Novo completes major filings for blockbuster hope semaglutide
Novo Nordisk has its weekly diabetes hopeful semaglutide filed in five key markets, after submitting a dossier in Japan.
Novo has just filed semaglutide, a new glucagon-like peptide (GLP-1) with Japan’s regulator for adults with type 2 diabetes.
The Copenhagen-headquartered pharma company has also filed the drug with the FDA, the European Medicines Agency, Health Canada and SwissMedic.
The drug is a more potent follow-up to Novo’s existing GLP-1 blockbuster Victoza, and early data suggests it could provide better blood glucose control, plus eventually claim best-in-class protection for diabetes patients against heart attacks and strokes.
The US regulator is expected to make its ruling on the drug by December this year, and approval would help Novo Nordisk keep ahead in the highly competitive but increasingly price sensitive US diabetes market.
In August last year Novo announced that negotiations with US payers meant that its 2017 prices would be low-to mid-single digit percentages lower than 2016.
Against this background, Novo hope the semaglutide’s efficacy data will help it gain traction once launched.
Analysts believe it could become a major contender in the market, with peak sales predicted to exceed $2 billion.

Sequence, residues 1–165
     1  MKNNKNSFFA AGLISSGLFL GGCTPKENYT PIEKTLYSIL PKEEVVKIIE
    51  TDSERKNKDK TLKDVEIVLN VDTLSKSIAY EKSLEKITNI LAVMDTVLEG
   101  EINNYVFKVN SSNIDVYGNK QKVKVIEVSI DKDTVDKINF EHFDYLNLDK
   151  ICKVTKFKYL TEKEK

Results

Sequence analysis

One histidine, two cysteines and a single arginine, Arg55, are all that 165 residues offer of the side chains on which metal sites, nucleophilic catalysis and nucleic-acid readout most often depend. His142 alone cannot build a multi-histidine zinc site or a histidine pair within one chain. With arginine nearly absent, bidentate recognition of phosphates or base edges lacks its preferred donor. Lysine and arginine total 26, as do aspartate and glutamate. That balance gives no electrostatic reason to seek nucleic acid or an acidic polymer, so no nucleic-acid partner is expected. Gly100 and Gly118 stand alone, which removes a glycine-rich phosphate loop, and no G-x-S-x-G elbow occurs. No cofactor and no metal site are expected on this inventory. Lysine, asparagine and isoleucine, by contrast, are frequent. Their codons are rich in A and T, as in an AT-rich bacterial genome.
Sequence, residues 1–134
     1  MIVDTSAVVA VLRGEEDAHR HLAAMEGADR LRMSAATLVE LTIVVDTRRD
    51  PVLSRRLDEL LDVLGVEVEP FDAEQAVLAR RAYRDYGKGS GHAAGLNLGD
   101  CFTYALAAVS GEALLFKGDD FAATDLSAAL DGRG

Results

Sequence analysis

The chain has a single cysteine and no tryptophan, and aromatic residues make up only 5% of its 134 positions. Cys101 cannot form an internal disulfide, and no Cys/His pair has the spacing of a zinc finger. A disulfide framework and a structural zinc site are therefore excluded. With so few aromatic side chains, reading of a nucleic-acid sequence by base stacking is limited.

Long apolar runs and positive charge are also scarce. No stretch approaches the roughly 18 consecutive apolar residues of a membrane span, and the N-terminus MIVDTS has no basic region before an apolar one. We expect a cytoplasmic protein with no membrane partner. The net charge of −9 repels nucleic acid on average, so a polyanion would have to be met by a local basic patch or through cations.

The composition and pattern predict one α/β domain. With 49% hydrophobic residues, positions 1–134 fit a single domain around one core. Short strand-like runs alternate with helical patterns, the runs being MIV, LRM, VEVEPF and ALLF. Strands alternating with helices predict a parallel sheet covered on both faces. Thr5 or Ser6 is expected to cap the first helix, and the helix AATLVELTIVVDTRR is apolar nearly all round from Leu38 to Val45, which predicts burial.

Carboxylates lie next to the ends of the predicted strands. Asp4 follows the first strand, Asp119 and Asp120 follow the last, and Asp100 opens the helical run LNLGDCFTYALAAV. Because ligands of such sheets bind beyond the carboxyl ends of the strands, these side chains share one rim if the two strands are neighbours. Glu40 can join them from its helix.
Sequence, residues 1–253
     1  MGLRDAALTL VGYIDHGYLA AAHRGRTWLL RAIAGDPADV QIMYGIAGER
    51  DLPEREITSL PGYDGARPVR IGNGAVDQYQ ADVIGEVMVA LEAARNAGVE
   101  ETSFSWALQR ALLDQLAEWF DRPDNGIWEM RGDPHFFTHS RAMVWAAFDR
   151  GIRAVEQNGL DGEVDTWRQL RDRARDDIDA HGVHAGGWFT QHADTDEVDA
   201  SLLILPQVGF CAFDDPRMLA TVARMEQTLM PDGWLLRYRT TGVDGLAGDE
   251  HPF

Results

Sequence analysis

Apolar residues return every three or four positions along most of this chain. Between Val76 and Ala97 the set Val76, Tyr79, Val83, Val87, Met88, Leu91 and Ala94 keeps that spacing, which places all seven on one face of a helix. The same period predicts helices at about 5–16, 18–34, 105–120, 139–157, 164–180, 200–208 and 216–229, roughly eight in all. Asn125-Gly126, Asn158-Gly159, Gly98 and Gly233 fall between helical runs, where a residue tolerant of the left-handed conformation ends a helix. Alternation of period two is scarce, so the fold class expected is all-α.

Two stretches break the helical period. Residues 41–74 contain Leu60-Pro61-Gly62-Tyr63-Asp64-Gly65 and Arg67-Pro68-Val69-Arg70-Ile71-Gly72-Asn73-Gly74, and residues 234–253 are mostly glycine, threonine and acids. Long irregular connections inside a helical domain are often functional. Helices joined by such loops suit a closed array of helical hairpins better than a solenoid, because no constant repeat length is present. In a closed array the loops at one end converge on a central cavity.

Sales of Novo’s own daily Victoza (liraglutide) were around $2.85 billion in 2016, although the new drug could impact on this figure, should patients choose to switch to a weekly regime.
The Japanese filing is based on results from the SUSTAIN clinical trial programme, which involved more than 8,000 adults with type 2 disease, including 1,200 participants from Japan.
There is already a weekly GLP-1 on the market – AstraZeneca’s Bydureon (exenatide), which produced revenues of $578 million worldwide in 2016.
In the SUSTAIN studies, semaglutide significantly reduced blood sugar levels compared with Bydureon, and drugs in different classes – Merck & Co’s Januvia (sitagliptin), a daily DPP-4 inhibitor, and Sanofi’s daily Lantus (insulin glargine U100).
Last year Novo published data showing semaglutide reduced major cardiovascular events by 26% in adults with type 2 disease – a better result than Lilly and Boehringer Ingelheim’s SGLT2 inhibitor, Jardiance (empagliflozin).
However Jardiance looks to have the upper hand for now, as it secured in December a US licence allowing it to claim a 38% reduction in risk of cardiovascular death. This makes it the first drug ever to be able to make this marketing claim, and should translate into growing sales for Jardiance.
Mads Krogsgaard Thomsen, executive vice president and chief scientific officer of Novo Nordisk, said: “Based on the results from the global SUSTAIN clinical trial programme, we believe that once-weekly semaglutide has the potential to improve the treatment for many type 2 patients in Japan.”
Japan has the second largest pharmaceutical market in the world, and accounts for around 10% of worldwide drug sales.
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